Traveller is necessarily a framework, describing the barest of essentials for an infinite universe. A group involved in playing a scenario or a campaign can make their adventures more elaborate, more detailed, more interesting with the input of a great deal of imagination.There's lots to comment upon there, but two things stand out to me. First, Traveller, like D&D, owes its primary inspirations to literary sources. Second, Traveller assumes that what we nowadays call sandbox play is integral to the success of a campaign.
The greatest burden, of course, falls on the referee, who must create entire worlds and societies through which the player-characters will roam. One very interesting source of assistance for this task is the existing science fiction literature. Virtually anything mentioned in a story or an article can be transferred to the Traveller environment. Orbital cities, nuclear war, alien societies, puzzles, enigmas, anything can occur, with imagination being the only limit.
The players themselves have a burden almost equal to that of the referee; they must move, act, travel, in search of their own goals. The typical methods used in life by 20th century Terrans (thrift, dedication, hard-work) do not work in Traveller; instead travellers must boldly plan and execute daring schemes for the acquisition of wealth and power. Again, the modern science fiction tradition provides many ideas and concepts to be imitated.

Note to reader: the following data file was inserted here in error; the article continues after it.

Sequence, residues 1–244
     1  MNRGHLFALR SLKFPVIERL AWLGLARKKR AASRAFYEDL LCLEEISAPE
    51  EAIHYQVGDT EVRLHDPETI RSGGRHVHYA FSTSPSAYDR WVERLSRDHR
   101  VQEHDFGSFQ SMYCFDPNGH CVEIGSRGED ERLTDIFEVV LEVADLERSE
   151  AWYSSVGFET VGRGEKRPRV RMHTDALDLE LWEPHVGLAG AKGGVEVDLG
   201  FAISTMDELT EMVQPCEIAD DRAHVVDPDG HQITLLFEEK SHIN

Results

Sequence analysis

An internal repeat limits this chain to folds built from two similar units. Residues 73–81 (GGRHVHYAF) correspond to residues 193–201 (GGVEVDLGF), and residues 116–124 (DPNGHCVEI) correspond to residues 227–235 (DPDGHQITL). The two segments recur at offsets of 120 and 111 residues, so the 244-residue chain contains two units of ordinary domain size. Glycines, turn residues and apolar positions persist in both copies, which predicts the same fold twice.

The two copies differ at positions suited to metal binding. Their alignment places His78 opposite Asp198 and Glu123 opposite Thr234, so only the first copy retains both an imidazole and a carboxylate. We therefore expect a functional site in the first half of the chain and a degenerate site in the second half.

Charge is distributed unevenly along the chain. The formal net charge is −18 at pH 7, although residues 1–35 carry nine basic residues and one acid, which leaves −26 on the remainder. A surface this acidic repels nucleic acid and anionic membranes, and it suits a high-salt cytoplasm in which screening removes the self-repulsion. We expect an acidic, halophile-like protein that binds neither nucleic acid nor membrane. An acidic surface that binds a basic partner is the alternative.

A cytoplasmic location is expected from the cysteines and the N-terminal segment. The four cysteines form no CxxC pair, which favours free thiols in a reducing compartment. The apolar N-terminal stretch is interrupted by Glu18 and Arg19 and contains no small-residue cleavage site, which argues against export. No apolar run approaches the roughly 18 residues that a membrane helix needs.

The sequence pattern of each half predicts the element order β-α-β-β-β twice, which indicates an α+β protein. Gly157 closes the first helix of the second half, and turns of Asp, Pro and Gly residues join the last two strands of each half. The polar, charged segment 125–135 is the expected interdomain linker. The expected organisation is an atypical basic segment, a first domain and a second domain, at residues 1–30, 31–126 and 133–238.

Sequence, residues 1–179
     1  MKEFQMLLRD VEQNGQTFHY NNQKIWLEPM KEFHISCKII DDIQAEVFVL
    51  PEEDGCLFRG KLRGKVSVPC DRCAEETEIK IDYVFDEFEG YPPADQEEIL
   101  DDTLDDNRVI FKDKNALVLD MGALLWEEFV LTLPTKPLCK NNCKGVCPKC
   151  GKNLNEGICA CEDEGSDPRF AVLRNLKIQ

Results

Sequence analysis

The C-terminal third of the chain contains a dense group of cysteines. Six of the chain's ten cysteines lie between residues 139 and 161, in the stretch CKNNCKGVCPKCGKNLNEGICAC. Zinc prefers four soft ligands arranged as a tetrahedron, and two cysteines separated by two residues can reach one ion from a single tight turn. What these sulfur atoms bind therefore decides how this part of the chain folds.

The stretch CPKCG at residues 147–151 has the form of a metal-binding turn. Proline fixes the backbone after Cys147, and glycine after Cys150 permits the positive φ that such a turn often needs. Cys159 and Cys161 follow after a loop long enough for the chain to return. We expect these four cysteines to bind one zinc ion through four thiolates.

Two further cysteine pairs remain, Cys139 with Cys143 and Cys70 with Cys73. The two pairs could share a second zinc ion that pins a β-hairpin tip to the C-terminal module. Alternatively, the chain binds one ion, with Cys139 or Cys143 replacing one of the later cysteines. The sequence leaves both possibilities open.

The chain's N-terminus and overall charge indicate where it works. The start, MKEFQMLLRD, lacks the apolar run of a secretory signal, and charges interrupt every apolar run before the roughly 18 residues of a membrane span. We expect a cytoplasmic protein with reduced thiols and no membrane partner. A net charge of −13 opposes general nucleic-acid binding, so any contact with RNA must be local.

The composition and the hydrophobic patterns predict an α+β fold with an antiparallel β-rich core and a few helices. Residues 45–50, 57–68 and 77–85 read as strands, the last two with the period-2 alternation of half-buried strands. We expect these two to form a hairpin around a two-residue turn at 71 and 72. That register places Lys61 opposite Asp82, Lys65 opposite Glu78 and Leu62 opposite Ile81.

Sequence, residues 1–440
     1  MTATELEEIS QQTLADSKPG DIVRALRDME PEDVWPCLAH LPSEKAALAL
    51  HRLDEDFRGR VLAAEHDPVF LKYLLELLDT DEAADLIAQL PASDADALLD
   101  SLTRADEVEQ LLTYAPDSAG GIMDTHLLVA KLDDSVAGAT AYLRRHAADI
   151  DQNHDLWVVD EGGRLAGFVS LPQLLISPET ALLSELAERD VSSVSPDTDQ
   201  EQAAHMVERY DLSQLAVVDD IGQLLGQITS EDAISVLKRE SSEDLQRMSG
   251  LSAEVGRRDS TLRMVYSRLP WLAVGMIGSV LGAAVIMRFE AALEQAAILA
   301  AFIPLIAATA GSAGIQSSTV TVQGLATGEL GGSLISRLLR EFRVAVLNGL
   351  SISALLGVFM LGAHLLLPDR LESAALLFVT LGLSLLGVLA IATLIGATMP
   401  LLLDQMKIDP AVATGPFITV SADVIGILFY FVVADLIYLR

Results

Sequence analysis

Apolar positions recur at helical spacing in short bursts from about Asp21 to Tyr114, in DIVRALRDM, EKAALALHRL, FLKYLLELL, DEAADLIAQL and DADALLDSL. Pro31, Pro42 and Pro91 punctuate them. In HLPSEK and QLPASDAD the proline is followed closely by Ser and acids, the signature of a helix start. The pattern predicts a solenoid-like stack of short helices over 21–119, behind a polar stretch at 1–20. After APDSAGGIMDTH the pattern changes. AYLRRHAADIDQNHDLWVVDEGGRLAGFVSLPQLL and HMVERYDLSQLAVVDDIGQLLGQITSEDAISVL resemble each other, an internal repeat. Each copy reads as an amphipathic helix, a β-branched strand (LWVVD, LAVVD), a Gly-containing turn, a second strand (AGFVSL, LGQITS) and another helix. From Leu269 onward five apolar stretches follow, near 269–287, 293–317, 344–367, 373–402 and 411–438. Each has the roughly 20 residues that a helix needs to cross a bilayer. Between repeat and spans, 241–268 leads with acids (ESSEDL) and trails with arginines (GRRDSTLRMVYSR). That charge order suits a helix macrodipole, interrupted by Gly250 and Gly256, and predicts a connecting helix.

Above all, the referee and the players work together. Care must be taken that the referee does not simply lay fortune in the path of the players, but the situation is not primarily an adversary relationship. The referee simply administers rules in situations where the players themselves have an incomplete understanding of the universe. The results should reflect a consistent reality.
Congratulations on your entrance into the universe of Traveller!
I mention these points in part because I've begun to realize how much of how I view old school gaming is rooted as much in Traveller as in D&D. Indeed, I suspect, if I were honest about it, I'd probably find that the gaming philosophies implicit in Traveller eclipse those of D&D in terms of their influence on me. D&D may have been my "first love," but Traveller was my "true love" and, even though I don't play it anymore, it's hard to deny the permanent effect that masterpiece of game design has had on me.